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Chicago Employers Face July 1 Deadline to Update Sexual Harassment Policies and Training


The city of Chicago is requiring all employers to update their sexual harassment policies with required language by July 1, 2022, and to display new posters

All Chicago employers must implement expanded annual sexual harassment prevention training for all employees including supervisors, with the first round to be completed by June 30, 2023

The city has expanded deadlines to report violations of the new ordinance from 300 to 365 days and increased penalties

Employers with at least one employee working in the city of Chicago will need to comply with new amendments to the Municipal Code and Chicago Human Rights Ordinance regarding sexual harassment by July 1, 2022. These amendments affect sexual harassment policies, posters, record-keeping, and mandatory workforce training.

By July 1, all employers must update their existing sexual harassment policies to state that sexual harassment and retaliation for reporting sexual harassment are illegal in Chicago; provide definitions of prohibited sexual harassment; state that employees are required to participate annually in sexual harassment prevention training; and provide information on how employees can report allegations of sexual harassment internally (with applicable forms) as well as on legal and government services available to employees who may be victims of sexual harassment.

Employers’ sexual harassment policies must be made available in the employee’s primary language, and contain the ordinance’s expanded definition of “sexual harassment,” which states:

“Sexual harassment means any (i) unwelcome sexual advances or unwelcome conduct of a sexual nature or (ii) requests for sexual favors or conduct of a sexual nature when (1) submission to such conduct is made either explicitly or implicitly a term or condition of an individual’s employment; (2) submission to or rejection of such conduct by an individual is used as the basis for any employment decision affecting the individual; or (3) such conduct has the purpose or effect of substantially interfering with an individual’s work performance or creating an intimidating, hostile or offensive working environment; or (iii) sexual misconduct, which means any behavior of a sexual nature which also involves coercion, abuse of authority, or misuse of an individual’s employment position.”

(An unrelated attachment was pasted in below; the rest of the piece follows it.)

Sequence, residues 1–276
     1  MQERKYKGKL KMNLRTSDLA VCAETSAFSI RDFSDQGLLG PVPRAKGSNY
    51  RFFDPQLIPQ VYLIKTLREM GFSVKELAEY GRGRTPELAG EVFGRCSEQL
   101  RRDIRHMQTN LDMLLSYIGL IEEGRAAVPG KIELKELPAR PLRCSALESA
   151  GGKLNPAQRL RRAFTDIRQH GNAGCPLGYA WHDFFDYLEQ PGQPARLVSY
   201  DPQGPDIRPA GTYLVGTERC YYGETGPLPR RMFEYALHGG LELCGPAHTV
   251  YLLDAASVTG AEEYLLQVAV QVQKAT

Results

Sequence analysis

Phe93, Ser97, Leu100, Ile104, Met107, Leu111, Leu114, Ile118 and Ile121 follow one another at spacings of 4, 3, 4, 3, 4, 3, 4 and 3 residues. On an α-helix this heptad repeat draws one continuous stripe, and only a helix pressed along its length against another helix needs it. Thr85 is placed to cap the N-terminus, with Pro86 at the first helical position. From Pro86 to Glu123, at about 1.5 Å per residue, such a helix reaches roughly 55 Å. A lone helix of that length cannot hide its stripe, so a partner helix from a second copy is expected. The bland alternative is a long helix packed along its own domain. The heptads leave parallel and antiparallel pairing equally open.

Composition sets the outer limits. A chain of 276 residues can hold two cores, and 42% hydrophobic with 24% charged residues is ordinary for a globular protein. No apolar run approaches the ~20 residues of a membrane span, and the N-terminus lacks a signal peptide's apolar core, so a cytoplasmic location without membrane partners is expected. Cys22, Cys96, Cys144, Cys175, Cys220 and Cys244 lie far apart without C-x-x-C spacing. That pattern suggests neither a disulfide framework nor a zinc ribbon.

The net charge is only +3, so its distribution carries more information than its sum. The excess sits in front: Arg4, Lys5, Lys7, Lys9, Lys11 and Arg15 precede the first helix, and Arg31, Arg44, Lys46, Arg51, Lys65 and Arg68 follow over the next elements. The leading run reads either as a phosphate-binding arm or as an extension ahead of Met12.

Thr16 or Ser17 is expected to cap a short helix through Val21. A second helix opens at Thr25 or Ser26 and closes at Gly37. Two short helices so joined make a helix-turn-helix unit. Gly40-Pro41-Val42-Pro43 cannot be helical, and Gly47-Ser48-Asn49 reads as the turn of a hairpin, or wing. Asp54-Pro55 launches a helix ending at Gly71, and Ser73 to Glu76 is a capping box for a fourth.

In addition to updating policies, all Chicago employers are required to display – in one or more common areas – new posters published by the Chicago Commission on Human Relations (CCHR) in English and Spanish. The city has provided a model notice for display or publication by employers. 

Finally, the ordinance also revised the definition of protected “sexual orientation” as “… the actual or perceived state of heterosexuality, homosexuality or bisexuality.”

Prevention Training Particulars

Also as of July 1, all employers must provide enhanced sexual harassment prevention training. This training must include one hour of sexual harassment prevention training for all employees that meets or exceeds the training requirements of the Illinois Human Rights Act – which provides for two hours of training for supervisors and managers – plus one hour of yet undefined “bystander” training. 

Employers may develop their own training, or adapt CCHR training modules, which are expected to be published by July 1. All trainings must be completed by June 30, 2023, and then repeated annually. 

Employers must retain proof of employee training as well as records of compliant policies for the longer of five years or the duration of any investigation or dispute. Failure to maintain records may result in a fine of up to $1,000 per day.

In addition, as of June 4, 2022, complainants now have up to 365 days from an alleged discriminatory act to file a complaint with the CCHR, which may delay notice of a complaint for up to 30 days. Fines for violations of sexual harassment provisions have increased to $5,000-$10,000 per violation.

For more information please contact the Barnes & Thornburg attorney with whom you work, or Christina M. Janice at 312-214-4802 or christina.janice@btlaw.com, Christopher Rubey at 571-237-1106 or crubey@btlaw.com, or Kenneth J. Yerkes at 317-231-7513 or kenneth.yerkes@btlaw.com.

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This Barnes & Thornburg LLP publication should not be construed as legal advice or legal opinion on any specific facts or circumstances. The contents are intended for general informational purposes only, and you are urged to consult your own lawyer on any specific legal questions you may have concerning your situation.



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